A husband left for a long-legged creature on the brink of first bloom.
An old lover’s new love already swept his front porch as I walked by.
My favorite T-shirt is yellow and tattered: a wanderer, a woman, walks on a mountain bridge. I dream of the inside of gold lit windows I sometimes see at dusk.
I have come full circle. I am grown up now. My young son is already more important. Earth has no end.
Mr. & Mrs. Pete by Susan Tepper
Mr. Pete is cleaning the knife with some kind of strong chemical. You don’t want your meat sliced with this stink on the blade. Yet how can you tell him so without aggravating him? Recently his wife died and Mr. Pete has been near semi-hysterical though it isn’t obvious. Not to the world at large. But you’ve known Mr. Pete since you were a little girl and he never before had a red face that looked combustible. You want to tell Mr. Pete that it’s OK to cry over Mrs. Pete. Her real name was Helga, but you always called them Mr. and Mrs. Pete. A leftover from childhood, and they liked it. When your dad was out of work that long time, Mrs. Pete would sneak an extra chop into the brown paper. Or Mr. Pete would sneak a few extra chicken pieces. Both thought they were sneaking from the other. You were little and could hardly reach past the counter but you saw, and your mother used to get teary when she’d open the meat and see the extras in there. Now Mrs. Pete is gone and he is alone with the knives and no one to sneak from.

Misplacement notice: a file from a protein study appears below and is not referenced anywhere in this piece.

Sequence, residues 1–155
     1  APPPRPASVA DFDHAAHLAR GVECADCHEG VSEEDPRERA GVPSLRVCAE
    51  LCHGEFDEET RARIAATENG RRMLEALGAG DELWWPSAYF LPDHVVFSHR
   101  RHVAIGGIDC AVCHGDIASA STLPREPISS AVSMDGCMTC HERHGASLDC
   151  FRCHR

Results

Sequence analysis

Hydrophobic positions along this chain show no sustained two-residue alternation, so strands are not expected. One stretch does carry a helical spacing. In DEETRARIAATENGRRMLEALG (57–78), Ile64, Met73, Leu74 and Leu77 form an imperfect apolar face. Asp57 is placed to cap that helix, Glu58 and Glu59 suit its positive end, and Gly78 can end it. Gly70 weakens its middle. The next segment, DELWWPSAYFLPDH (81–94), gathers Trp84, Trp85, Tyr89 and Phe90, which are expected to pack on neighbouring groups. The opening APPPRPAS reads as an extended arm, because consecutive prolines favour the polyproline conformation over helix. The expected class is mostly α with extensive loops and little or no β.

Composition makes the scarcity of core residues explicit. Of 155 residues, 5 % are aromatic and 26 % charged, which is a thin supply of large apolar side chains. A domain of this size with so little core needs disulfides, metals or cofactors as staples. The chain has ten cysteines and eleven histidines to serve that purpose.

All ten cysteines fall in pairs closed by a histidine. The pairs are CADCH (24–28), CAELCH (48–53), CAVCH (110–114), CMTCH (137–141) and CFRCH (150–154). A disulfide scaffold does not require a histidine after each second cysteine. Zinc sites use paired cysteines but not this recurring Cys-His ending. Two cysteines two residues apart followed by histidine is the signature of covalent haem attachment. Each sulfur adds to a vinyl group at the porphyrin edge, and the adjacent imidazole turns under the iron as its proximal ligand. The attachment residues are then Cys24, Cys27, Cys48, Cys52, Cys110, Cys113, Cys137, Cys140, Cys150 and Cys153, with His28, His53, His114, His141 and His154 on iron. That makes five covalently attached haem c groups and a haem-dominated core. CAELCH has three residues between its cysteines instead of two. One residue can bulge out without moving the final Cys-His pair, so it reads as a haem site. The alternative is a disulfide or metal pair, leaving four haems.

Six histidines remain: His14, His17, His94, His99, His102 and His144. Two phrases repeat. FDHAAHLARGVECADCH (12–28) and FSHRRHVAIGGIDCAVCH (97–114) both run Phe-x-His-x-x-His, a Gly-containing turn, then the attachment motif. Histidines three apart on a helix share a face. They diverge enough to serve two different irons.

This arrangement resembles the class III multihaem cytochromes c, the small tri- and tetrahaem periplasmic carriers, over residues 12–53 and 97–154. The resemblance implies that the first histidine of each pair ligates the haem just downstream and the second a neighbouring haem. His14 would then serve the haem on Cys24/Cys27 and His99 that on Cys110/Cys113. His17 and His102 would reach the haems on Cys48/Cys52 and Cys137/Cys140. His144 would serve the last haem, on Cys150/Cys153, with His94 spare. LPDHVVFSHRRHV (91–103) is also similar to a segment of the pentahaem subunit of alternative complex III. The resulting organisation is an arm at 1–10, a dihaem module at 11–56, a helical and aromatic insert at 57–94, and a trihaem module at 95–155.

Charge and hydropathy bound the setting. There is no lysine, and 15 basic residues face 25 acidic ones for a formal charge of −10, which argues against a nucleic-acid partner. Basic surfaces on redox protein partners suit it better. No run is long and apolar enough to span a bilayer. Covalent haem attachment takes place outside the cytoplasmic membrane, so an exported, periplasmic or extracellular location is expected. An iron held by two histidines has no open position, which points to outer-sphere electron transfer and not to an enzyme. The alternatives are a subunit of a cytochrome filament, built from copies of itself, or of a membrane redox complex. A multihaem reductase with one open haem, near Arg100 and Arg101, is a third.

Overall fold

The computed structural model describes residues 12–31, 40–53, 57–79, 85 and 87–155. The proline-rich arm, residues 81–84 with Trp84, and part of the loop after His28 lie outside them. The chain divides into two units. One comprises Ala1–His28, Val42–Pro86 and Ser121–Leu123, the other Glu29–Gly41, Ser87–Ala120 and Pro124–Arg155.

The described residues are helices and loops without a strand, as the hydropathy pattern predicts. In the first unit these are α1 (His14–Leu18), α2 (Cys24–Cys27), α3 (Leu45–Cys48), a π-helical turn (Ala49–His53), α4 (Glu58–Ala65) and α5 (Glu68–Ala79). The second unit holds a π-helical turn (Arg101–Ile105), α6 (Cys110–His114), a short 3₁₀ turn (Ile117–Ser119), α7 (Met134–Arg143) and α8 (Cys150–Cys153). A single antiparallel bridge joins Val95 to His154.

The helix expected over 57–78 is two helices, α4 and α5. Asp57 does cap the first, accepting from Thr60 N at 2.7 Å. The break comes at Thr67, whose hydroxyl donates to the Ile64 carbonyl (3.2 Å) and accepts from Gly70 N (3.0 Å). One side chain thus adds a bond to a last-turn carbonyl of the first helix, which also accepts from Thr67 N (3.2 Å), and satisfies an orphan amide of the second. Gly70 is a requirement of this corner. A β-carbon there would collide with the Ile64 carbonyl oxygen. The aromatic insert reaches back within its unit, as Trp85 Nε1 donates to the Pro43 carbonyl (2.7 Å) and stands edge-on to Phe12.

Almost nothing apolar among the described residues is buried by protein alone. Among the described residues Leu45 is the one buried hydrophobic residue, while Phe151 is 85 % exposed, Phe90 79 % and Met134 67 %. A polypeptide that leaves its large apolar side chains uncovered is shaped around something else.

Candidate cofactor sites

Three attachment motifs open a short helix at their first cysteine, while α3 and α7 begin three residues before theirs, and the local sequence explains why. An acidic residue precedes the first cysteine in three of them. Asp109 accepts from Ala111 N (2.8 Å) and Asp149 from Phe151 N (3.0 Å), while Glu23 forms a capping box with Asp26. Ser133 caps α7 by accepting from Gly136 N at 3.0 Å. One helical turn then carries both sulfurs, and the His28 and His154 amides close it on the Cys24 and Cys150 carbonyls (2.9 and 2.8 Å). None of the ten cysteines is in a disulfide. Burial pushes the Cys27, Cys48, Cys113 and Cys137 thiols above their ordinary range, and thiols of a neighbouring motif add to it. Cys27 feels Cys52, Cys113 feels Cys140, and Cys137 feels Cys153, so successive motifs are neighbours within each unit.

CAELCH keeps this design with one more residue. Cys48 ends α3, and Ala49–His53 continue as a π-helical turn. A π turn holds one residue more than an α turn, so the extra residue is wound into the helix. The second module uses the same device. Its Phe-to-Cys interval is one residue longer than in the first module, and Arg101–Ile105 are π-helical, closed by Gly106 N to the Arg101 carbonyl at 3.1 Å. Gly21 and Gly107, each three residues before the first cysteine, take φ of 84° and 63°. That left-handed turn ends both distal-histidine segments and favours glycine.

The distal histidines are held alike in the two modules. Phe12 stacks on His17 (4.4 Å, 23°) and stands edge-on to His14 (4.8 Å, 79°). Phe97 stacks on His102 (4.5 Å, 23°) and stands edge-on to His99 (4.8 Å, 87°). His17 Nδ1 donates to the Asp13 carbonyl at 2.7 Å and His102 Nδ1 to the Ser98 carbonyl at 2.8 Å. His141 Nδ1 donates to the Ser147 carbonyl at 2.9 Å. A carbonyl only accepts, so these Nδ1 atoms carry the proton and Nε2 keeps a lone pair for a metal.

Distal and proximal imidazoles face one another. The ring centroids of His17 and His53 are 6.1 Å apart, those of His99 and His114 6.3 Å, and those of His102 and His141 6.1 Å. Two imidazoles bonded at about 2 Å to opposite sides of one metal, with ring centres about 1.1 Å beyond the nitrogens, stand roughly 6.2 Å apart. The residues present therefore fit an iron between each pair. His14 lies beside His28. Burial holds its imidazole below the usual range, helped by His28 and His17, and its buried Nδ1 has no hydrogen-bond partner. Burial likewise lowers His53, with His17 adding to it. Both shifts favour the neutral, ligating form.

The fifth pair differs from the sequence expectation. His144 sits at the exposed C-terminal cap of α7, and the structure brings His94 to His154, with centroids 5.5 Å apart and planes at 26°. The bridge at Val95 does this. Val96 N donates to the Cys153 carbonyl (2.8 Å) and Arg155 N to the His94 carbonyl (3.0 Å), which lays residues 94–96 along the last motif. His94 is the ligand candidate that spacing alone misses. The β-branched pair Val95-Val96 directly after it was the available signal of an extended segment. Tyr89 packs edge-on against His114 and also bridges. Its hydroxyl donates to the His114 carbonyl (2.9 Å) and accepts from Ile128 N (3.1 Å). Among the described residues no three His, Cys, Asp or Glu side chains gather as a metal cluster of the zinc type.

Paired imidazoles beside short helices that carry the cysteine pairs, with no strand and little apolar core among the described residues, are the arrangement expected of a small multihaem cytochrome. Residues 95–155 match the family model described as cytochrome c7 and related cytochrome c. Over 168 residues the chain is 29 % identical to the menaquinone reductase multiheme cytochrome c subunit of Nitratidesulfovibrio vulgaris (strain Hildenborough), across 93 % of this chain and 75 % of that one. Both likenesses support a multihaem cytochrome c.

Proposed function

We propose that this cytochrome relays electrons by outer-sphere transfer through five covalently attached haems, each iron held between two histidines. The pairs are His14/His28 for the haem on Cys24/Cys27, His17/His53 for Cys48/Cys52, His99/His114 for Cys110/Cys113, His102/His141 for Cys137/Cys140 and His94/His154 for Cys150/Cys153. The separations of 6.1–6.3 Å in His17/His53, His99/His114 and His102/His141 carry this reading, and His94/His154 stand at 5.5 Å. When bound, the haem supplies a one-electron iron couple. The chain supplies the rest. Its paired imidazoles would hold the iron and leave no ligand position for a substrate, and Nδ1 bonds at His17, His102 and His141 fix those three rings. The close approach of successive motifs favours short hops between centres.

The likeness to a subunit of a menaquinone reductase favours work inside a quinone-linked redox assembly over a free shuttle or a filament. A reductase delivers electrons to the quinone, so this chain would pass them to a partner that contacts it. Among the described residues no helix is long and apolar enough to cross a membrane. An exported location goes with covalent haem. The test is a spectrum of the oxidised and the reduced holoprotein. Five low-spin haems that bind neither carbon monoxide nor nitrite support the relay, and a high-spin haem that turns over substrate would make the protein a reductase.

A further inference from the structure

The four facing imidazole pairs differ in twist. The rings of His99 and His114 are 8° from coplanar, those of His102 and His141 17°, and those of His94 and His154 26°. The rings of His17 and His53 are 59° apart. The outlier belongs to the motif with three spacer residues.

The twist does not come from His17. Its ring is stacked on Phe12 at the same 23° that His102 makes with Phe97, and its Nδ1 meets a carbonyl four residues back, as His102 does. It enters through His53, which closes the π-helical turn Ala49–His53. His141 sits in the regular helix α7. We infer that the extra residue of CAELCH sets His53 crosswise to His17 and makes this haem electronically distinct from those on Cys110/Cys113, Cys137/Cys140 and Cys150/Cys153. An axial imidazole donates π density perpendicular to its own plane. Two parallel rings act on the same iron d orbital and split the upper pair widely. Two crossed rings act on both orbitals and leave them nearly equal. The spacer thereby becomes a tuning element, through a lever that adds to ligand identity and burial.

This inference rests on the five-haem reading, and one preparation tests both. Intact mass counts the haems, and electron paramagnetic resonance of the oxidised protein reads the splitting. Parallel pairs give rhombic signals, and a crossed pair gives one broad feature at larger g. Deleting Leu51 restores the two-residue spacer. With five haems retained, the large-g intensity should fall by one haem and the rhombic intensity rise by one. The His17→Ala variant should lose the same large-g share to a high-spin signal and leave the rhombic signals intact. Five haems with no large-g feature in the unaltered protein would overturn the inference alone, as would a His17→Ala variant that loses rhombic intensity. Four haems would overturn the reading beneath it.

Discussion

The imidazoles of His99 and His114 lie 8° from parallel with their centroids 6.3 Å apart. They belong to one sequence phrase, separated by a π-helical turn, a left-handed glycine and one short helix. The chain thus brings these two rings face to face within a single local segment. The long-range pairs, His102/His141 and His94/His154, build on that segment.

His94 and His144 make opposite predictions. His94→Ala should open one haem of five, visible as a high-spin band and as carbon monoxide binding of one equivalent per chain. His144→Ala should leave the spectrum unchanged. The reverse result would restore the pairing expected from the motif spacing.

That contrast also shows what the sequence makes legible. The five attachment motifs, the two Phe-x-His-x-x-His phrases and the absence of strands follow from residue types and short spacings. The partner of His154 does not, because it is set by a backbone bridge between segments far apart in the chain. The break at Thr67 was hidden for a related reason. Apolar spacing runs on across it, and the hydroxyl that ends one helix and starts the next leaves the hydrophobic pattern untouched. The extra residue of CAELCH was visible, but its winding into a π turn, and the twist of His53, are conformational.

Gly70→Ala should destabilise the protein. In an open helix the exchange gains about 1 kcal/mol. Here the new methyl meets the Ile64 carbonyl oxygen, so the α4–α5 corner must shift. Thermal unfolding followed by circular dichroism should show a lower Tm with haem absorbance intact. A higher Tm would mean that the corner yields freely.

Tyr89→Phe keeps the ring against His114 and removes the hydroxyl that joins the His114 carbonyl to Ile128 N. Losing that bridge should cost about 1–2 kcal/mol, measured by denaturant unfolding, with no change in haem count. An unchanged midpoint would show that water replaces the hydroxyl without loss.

Rivals by Matthew A. Hamilton
The mongoose sniffs the breeze, listens to the mass of slithering poison in the sugarcane. Evolution has taught her patience. She stands, unmoved for centuries, the art of killing heavy within her almond colored eyes.
Red Card by Doug Bond
Tim leaned hard with one hand on the patio table and poked the index finger of his other into a spreading waste of watermelon juice and vodka. His wife had gone in again for another recon on the stunning details of the remodel.
From where Tim stood he felt he’d already seen plenty. Grand Bay windows, period trim and wainscoting, cobblestone drive, and the peach and coral Italian inlay framing the scallop pool. That Jake Shaver, man, he really has done well for himself.